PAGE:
SUMMARY OF RECOMMENDATIONS
The committee recommends that all federal entities concerned with bioterrorism preparedness (e.g., CDC, HRSA, ODP) should more actively coordinate guidance and funding activities. Federal agencies should also work together to develop mechanisms that facilitate coordination and collaboration among their grantees at the state and local levels. Federal efforts should include the clarification of primary responsibility and authority in bioterrorism events, to ensure that CDC can fulfill its unique role as the nation’s public health agency.
The committee recommends that CDC should collaborate with all of its partners to strengthen preparedness by applying research findings and experience in public health emergency response, bioterrorism preparedness, and disaster management. In order to strengthen the evidence base for public health preparedness, CDC should:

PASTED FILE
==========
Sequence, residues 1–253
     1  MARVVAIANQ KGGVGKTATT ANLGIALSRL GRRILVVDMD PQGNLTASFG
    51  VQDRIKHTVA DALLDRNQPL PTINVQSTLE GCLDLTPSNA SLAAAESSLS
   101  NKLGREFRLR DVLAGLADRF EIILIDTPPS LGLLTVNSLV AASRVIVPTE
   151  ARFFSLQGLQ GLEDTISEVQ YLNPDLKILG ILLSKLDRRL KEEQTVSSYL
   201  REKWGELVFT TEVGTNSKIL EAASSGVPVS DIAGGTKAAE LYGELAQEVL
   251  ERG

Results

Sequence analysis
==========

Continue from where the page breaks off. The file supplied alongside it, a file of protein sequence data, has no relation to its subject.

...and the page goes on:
Strengthen the link between public health research and practice;
Participate in and promote interdisciplinary research about preparedness;
Support a system to assure the ongoing collection, synthesis, and sharing of lessons learned and best practices from public health preparedness exercises and public health response to proxy events; and
In coordination with the appropriate federal-level partners, such as AHRQ, evaluate the effectiveness, design, and opportunity costs of preparedness strategies, such as exercises.
The committee recommends that CDC should use the Evidence-Based Performance Goals for Public Health Disaster Preparedness to develop standards against which CDC, states, and localities may regularly measure their performance in exercises and in response to proxy events. Public health agency performance in exercises and proxy events should be used to identify gaps in preparedness and to improve planning, communication, and coordination at the agency and interagency levels, as part of a process of continuous quality improvement in preparedness planning and response. Preparedness drills and exercises should not be evaluated individually, but their cumulative and long-term impact on preparedness, such as generalizability to other potential hazards, must be considered in the evaluation process